Greater flexibility can take the pressure off employees,Â particularly those in the so-called âsandwichÂ generationâ that are required to simultaneouslyÂ take care of their young children and aging parents.Â âBenefits like family medical leave or remote workÂ abilities can provide significant relief to allow themÂ to maintain their career path while juggling increasedÂ responsibilities at home,â says Pollard Stewart.
But according to Bailey, organizations have toÂ make sure that these new benefits offerings areÂ supplementingânot replacingâtraditional benefitsÂ if they want to see positive results. âYou want a goodÂ blend of all these things and not necessarily leaveÂ behind the traditional products or benefits like 401kÂ and disability insurance,â she says.
Whatever they choose, HR leaders should make sureÂ that their benefits offerings are aligned with the goalsÂ of the business. Organizations should ask themselvesÂ what their values are, what they really care about,Â and what they are willing to invest money into, GilsonÂ says. The answer could be wellness, financial health,Â professional development, or any other number ofÂ initiativesâbut all programs must be aligned withÂ those values in order to organically grow and positivelyÂ impact the organization. Otherwise, they will fall flatÂ and fizzle out.
âYour benefits offerings should encourage the behaviorÂ you want your workforce to engage in,â agrees PollardÂ Stewart. âThink about things like wellness programsÂ that provide discounts on certain activities and rewardsÂ incentive programs to recognize employees forÂ engagement and performance milestones.â
Employee Awareness: The Power of User Experience
The right benefits technology can promote and enableÂ greater personalization with minimum effort, makingÂ all the difference in benefits access and adoption.
âDespite increased investments in well-being programs,Â only 16 percent of employees strongly agree thatÂ they know where to find all the health and wellbeingÂ resources available to them,â Rotermund says.Â Employers must address these challenges by making itÂ easy for employees to find and use programs with anÂ integration platform.â
According to Jackson, adopting tools that integrateÂ into a single platform and deliver an end-to-end,Â seamless experience can help employers optimizeÂ each part of the benefits process, from reviewingÂ the data and improving their initiatives to reducingÂ the administrative burden on HR teams and creatingÂ a positive user experience for employees. However,Â organizations have to choose a technology thatÂ integrates with their existing tech suite and gives themÂ flexibility, cost evaluations, and risk control from oneÂ single platform.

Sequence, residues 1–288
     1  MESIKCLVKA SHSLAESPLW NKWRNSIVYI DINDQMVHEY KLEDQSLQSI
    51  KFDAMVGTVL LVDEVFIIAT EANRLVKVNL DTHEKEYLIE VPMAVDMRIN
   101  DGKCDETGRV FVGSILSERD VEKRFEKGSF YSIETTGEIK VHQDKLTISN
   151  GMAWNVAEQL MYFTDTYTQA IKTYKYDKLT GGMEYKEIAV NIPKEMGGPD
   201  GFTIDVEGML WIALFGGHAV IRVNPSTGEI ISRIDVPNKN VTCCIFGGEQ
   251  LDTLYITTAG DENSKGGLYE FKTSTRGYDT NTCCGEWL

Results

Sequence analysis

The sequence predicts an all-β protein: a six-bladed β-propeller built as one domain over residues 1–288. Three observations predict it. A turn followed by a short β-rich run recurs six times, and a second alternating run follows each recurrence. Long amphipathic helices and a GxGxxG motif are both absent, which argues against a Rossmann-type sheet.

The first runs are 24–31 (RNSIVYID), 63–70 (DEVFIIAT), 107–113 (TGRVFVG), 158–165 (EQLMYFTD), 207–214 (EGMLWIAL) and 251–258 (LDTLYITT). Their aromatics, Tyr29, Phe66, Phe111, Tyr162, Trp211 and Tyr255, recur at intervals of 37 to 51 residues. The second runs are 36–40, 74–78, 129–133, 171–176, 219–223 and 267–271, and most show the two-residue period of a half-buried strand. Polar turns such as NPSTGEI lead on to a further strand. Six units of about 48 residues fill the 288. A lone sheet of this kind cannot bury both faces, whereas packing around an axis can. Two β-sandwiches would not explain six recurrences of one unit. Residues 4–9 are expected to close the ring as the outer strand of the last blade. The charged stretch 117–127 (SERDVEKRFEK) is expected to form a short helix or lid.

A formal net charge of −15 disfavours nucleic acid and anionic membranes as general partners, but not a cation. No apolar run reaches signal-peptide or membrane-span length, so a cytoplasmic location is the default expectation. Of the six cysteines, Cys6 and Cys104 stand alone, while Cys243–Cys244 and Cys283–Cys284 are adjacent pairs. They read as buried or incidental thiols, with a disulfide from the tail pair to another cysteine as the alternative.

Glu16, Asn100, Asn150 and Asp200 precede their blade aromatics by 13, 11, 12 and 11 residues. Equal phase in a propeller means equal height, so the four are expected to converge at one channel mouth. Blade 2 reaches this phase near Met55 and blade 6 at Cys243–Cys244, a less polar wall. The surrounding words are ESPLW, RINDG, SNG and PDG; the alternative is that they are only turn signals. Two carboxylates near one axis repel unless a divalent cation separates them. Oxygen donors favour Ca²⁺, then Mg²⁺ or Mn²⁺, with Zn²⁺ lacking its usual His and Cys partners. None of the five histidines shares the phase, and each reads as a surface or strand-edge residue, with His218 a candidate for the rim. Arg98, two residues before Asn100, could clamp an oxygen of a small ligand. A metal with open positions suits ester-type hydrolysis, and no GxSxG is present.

Such a platform can also improve the user experience,Â making benefits more accessible to employees. âAsÂ an employer, you need to be smart about makingÂ investments in platforms and tools that allow youÂ to offer a breadth of choice while simplifying the administration and actual execution of it,â says Bailey.Â âIn order to compete in todayâs economic climate,Â itâs important not only to offer benefits choices butÂ to communicate those benefits in a way that peopleÂ see the value and perceive value in those offerings.Â Otherwise, youâll have an issue with retention, andÂ employees will leave and go somewhere where theyÂ perceive the value of the benefits to be better.â
In order to get the best return on investment, PollardÂ Stewart emphasizes that organizations clearly andÂ consistently provide tailored communication to eachÂ employee to drive deeper engagement in the programs.Â Offering a variety of communication channels throughÂ in-person meetings, videos, phone calls, texts, andÂ mobile apps can allow all employees to engage in a wayÂ that is comfortable for them.
Editorâs note: The views expressed by Carla Pollard Stewart are hersÂ alone and not endorsed by nor necessarily reflect the views of bswift,Â its affiliates, or their employees.